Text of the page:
Practice what you teach ....

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Sales Trainer


Practice what you teach ....
Do trainers/consultants go on the phone to practice what they teach?

I recently worked at a call centre where some of the trainer’s had an attitude of ‘I am employed to train, not go on the phone and take/make calls’. However, how can new programmes be developed if a trainer in not in touch with what the advisors are coming into contact with on a daily basis?

I am very keen to hear others views and thoughts on this.



Learning is what matters

I always use the opportunity to demonstrate 'how it should be done' mostly becasue my training style is one of self deprecation and letting the joke be on me. Its not always a good idea though and some delegates may feel inferior.
The notion that you cant train unless you 'practice what you preach' is misplaced as training theory and practice dictates. Learning occurs in many situations and it is widely accepted that instructional learning is not the most apporpriate training method for call centres, relying as it does on repetition, demonstration, process, rigid adherence and regulation.
The main reasons some trainers 'hit the phones' imay be to gain authority/respect within the classroom, most training thoery dictates that you can gain this power by being a good trainer rather than being good on the phone.
We all know of managers who are great on the phone but cant manage teams. The same can also be true of trainers.
Having answered your question somehwat verbosely, trainers do need to 'be in touch with what advisors are coming into contact with' but trainers are meant to train and transfer knowledge, demonstration is only one if the methods they can employ, its certainly not the best or most apporpriate. Observation is not the best or only way to learn. if all you are doing is showing how good you are as a trainer at making calls are your trainees really learning anything or simply observing an ego?

Trainer / Webmaster

Volvo Action Service

Ivory tower ?

A very valid point... showing off is definately not what you want to do. Most of the time, the new recruit gets his first impression from a company from the trainer. He/She is the one who will show him/her the ropes and showing off would indeed give an unwanted effect.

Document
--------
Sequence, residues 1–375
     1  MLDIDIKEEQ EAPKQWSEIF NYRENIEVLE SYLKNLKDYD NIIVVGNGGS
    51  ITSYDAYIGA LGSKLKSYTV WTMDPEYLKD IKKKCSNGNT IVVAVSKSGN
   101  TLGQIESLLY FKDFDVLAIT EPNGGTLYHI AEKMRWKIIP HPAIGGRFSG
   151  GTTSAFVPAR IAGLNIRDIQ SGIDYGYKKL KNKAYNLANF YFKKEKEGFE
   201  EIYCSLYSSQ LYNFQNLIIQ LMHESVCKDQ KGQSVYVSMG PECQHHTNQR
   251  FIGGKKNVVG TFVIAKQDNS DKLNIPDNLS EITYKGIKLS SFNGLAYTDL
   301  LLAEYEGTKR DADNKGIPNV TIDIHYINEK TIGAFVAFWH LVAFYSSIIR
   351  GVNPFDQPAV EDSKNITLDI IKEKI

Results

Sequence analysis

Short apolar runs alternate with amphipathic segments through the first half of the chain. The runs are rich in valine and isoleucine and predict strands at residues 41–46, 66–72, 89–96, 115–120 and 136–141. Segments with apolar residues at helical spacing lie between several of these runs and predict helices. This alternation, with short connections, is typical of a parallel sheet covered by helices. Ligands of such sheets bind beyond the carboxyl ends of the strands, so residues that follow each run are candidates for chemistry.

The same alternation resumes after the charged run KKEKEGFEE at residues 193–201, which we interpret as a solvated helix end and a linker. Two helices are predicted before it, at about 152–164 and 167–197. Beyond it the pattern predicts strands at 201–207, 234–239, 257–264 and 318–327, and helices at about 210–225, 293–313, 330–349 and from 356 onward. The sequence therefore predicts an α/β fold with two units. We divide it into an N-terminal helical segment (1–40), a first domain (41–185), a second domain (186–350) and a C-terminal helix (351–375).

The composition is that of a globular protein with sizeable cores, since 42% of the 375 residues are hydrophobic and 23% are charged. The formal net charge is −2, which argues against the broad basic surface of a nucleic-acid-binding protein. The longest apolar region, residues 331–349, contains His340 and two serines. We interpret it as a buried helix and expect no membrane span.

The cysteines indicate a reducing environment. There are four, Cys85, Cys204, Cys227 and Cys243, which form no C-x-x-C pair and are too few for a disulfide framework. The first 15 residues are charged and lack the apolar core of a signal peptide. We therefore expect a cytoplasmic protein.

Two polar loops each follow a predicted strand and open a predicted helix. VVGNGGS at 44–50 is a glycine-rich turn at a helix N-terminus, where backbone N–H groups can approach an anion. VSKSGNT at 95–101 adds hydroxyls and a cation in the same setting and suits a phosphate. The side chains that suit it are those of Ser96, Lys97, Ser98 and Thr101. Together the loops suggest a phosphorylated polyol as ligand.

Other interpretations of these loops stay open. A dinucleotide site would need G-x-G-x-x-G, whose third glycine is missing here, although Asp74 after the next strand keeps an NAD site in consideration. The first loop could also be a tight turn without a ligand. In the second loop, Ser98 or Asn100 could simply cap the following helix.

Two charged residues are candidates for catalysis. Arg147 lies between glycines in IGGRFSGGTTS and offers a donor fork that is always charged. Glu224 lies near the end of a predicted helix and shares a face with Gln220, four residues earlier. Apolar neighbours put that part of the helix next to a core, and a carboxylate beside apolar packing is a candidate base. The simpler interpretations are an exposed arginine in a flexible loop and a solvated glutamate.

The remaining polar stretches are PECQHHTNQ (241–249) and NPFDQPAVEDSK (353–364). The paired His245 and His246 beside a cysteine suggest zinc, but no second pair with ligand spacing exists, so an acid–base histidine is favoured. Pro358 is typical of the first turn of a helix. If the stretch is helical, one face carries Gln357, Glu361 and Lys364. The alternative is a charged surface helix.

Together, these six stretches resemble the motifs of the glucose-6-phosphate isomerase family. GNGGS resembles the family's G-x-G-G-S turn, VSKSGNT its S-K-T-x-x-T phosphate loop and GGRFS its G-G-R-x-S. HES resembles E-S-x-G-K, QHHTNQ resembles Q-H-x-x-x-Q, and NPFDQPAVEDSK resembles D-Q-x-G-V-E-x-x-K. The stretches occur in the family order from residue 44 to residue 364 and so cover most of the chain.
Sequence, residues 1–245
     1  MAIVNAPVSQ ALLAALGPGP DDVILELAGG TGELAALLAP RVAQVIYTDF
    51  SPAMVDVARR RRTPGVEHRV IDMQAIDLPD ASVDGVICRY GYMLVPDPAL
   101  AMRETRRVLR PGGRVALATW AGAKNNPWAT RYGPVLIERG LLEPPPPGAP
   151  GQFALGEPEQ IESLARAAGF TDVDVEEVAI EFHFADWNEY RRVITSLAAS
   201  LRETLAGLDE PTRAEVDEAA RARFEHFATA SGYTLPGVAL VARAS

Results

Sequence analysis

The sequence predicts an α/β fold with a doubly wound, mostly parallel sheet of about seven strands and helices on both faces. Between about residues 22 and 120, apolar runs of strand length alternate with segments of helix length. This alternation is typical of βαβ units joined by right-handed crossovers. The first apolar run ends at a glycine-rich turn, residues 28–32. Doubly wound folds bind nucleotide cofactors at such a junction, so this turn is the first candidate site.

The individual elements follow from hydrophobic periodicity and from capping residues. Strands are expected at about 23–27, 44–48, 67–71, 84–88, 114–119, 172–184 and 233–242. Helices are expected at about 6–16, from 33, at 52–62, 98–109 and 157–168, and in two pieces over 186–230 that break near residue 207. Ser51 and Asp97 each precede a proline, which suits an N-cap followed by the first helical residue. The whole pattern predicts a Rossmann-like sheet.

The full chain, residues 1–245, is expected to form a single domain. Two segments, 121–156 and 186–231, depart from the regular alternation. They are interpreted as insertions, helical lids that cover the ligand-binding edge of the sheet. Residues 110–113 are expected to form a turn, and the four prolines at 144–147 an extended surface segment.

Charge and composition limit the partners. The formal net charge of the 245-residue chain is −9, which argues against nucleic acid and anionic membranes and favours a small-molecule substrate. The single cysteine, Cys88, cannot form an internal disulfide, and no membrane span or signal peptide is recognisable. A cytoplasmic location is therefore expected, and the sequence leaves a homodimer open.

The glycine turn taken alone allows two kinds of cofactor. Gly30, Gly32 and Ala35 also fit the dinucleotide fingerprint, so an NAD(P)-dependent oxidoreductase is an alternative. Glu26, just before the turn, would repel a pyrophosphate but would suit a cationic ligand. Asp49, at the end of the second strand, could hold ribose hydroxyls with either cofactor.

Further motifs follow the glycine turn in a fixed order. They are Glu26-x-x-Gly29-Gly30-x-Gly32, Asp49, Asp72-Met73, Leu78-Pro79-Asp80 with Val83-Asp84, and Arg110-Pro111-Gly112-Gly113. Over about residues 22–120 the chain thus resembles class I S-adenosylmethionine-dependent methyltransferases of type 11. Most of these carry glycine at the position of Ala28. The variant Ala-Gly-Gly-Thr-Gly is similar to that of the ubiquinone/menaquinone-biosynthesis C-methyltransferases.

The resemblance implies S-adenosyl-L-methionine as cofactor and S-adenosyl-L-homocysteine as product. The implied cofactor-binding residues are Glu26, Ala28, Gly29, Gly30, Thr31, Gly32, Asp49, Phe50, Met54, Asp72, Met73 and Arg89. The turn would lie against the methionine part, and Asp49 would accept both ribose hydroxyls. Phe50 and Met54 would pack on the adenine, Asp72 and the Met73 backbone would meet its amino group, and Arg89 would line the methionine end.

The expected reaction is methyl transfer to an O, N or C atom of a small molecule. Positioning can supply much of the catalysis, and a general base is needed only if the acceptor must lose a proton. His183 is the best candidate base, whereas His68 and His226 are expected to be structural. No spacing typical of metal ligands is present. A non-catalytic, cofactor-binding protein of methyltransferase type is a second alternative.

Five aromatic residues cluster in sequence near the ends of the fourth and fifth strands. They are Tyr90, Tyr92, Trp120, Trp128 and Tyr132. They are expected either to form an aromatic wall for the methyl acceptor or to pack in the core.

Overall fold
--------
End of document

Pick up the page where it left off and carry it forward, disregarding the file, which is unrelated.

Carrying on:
Here at Volvo Action Service, we have an somewhat different policy. I combine my trainer job with the actual business on the floor. And this has - in my opinion - a couple of advantages. First of all, you have the day to day background of what you're teaching, it gives a more open style of training because you access daily examples and it sure helps to put things in a more "practical" way.

CC Operations Design Specialist

Financial Services

Training & mentoring
>>>>>>>>the trainer’s had an attitude of ‘I am employed to train, not go on the phone and take/make calls’

This sounds like a different issue - clearly going on the phones here was not percieved as training related activity. If the requirement to get on the phones was part of a TNA for the centre (right or wrong), then the trainers should not have had an issue as this is clearly part of the role.

My experience of when trainers are asked to hit the phones is that it is driven by resource issues and they are put on the phones to improve service levels.
If this is the case, then the trainers are absolutely right. Training, monitoring, coaching, and quality tend to be the first things dropped during high call volumes in under resourced centres. The problem with this approach is that the quality goes down therefore rework and complaints increase, so the call position cannot improve. It is far better to take a short term hit than to create a perpetual loop resulting in a downward spiral of quality and customer experience.

If the aim of going on the phones is to understand the customer contacts better, then I would suggest this is far more effective if done from recorded calls. That way the 'real' customer and agent experience is captured, rather than one biased by the trainers involvement. Recorded listening also allows more time for judgement decisions. A trainer cannot be effectively analysing calls and experience while at the same time providing a high level of customer service. If your trainers own the training programme, then they should identify whether or not a practice has any value; if they own the practice / procedure than they are more likely to buy into it.

>>>>>>>>> I combine my trainer job with the actual business on the floor
not sure if this statement is being applied to contact centre environment...?

If this is in the context of a 'typical' non-customer facing role then provided the training is still structured and contains measurable objectives on the job training can be effective.